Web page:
Small business owners who have relied on the G Suite legacy free edition aren't thrilled that they will have to pay for Workspace or migrate to a rival like Microsoft, which happens to be actively encouraging defectors. As noted by The New York Times on Monday, the approaching deadline has elicited complaints from small firms that bet on Google's cloud productivity apps in the 2006-2012 period and have enjoyed the lack of billing since then.
Google has a fresh list of reasons why it opposes tech antitrust legislation making its way through Congress but, like others who've expressed discontent, the ad giant's complaints leave out mention of portions of the proposed law that address said gripes.
The law bill in question is S.2992, the Senate version of the American Innovation and Choice Online Act (AICOA), which is closer than ever to getting votes in the House and Senate, which could see it advanced to President Biden's desk.
AICOA prohibits tech companies above a certain size from favoring their own products and services over their competitors. It applies to businesses considered "critical trading partners," meaning the company controls access to a platform through which business users reach their customers. Google, Apple, Amazon, and Meta in one way or another seemingly fall under the scope of this US legislation.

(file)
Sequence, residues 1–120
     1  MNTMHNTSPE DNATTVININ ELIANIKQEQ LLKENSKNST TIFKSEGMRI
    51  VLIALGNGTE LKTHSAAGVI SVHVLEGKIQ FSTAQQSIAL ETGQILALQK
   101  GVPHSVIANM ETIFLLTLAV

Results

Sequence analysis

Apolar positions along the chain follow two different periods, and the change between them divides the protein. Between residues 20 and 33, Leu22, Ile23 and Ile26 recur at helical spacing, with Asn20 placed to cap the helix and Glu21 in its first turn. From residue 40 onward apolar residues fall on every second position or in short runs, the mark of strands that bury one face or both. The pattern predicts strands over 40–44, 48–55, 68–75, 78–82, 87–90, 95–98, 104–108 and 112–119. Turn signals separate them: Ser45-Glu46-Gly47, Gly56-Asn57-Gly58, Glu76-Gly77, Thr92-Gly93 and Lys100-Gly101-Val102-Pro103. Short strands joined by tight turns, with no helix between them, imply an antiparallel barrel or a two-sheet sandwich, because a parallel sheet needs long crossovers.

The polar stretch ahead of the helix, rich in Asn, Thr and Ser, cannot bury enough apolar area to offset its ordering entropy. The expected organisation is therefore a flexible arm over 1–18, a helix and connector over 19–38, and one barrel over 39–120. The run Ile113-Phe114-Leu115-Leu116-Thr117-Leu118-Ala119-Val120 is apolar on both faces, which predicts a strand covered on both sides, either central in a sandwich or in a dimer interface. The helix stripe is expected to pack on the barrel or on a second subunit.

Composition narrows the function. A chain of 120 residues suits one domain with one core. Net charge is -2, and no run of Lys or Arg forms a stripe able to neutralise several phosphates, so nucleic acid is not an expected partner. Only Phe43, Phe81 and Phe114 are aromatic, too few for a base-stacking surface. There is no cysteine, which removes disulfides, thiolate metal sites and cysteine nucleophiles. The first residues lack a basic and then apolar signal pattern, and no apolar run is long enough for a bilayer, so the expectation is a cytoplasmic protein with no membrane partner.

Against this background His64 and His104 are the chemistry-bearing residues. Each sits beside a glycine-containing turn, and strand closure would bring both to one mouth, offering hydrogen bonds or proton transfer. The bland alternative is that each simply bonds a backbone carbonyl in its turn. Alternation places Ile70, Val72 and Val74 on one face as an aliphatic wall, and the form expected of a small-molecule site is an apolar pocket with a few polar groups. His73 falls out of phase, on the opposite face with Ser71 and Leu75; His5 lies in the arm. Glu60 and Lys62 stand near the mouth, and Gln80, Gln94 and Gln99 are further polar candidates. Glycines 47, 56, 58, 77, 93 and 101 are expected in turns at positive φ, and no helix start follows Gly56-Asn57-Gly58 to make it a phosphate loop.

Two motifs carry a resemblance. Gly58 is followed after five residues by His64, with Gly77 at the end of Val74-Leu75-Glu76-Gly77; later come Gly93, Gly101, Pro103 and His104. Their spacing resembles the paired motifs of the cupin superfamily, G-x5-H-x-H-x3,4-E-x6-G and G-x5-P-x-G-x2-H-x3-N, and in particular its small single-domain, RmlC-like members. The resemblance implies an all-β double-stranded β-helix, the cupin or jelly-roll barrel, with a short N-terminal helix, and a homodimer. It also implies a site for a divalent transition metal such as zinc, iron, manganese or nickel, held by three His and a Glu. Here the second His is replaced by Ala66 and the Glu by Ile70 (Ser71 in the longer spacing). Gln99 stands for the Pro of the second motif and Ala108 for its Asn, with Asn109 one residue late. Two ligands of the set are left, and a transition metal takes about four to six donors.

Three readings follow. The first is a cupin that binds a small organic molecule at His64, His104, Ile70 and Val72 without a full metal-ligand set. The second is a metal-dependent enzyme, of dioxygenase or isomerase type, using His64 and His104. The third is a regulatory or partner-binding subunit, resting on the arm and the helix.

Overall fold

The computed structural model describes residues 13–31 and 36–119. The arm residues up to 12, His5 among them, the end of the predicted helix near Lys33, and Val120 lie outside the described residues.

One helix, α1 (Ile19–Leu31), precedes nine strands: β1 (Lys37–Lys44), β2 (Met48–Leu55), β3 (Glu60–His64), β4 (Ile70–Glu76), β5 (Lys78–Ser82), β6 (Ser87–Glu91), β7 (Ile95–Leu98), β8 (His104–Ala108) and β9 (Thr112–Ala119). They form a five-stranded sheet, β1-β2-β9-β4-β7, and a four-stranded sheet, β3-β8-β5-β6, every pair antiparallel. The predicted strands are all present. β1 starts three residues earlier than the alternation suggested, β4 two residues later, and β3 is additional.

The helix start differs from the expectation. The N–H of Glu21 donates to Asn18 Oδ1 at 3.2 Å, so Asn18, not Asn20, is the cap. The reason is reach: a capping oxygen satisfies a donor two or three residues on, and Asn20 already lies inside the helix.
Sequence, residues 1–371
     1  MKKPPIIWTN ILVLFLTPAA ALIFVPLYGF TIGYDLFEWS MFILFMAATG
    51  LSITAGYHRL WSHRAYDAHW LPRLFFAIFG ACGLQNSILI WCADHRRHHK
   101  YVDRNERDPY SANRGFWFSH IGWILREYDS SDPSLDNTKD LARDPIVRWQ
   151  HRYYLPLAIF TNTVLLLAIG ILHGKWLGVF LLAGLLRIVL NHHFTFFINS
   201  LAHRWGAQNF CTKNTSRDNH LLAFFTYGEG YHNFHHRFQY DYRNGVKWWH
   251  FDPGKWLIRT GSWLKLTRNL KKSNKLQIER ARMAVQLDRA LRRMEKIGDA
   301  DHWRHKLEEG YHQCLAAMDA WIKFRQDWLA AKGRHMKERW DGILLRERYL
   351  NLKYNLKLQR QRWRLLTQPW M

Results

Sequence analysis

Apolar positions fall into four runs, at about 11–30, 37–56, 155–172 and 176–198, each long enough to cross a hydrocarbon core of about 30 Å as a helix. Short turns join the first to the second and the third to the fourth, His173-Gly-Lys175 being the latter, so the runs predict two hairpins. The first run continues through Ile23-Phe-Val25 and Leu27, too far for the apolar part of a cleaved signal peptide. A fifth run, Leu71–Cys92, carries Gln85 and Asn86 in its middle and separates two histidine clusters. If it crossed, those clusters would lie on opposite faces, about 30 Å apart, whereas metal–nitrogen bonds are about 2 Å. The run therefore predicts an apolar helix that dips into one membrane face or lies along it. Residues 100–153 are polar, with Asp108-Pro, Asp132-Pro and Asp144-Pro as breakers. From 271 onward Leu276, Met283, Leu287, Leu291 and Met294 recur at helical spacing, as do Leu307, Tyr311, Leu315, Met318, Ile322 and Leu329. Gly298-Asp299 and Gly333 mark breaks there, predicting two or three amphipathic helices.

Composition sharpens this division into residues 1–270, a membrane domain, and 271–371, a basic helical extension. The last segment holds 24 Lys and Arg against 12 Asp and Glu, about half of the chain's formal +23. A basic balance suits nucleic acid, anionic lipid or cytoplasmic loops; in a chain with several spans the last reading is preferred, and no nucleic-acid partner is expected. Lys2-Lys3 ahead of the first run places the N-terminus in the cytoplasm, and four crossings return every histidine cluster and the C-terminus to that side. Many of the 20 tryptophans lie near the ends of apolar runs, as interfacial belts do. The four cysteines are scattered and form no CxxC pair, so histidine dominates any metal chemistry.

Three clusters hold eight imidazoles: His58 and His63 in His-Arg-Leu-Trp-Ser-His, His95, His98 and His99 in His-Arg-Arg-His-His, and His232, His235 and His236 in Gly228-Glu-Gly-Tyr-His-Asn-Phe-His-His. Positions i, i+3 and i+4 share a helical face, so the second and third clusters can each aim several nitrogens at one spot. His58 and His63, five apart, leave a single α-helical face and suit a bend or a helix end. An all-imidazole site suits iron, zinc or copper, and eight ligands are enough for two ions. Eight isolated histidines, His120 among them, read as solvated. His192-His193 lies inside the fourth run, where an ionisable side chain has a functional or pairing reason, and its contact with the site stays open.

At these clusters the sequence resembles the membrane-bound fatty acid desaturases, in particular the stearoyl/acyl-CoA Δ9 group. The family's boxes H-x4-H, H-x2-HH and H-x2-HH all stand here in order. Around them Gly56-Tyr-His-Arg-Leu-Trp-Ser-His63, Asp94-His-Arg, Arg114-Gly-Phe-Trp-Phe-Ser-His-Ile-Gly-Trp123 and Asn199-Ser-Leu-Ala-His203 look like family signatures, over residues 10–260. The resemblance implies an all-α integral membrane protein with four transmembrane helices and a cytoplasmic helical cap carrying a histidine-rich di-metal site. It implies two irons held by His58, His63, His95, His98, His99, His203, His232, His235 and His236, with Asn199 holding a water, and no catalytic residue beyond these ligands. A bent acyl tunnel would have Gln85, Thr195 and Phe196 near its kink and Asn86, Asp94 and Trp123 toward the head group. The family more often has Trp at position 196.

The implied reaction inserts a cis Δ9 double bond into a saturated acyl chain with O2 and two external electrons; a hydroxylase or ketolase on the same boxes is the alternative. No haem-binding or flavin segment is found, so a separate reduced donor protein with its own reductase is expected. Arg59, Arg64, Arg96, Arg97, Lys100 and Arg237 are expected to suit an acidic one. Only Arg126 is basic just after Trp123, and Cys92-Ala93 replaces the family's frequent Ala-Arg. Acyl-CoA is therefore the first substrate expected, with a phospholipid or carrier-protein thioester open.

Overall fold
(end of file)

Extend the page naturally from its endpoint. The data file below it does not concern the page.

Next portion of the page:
Google Cloud's Anthos on-prem platform is getting a new home under the search giant’s recently announced Google Distributed Cloud (GDC) portfolio, where it will live on as a software-based competitor to AWS Outposts and Microsoft Azure Stack.
Introduced last fall, GDC enables customers to deploy managed servers and software in private datacenters and at communication service provider or on the edge.
Its latest update sees Google reposition Anthos on-prem, introduced back in 2020, as the bring-your-own-server edition of GDC. Using the service, customers can extend Google Cloud-style management and services to applications running on-prem.
Democrat lawmakers want the FTC to investigate Apple and Google's online ad trackers, which they say amount to unfair and deceptive business practices and pose a privacy and security risk to people using the tech giants' mobile devices.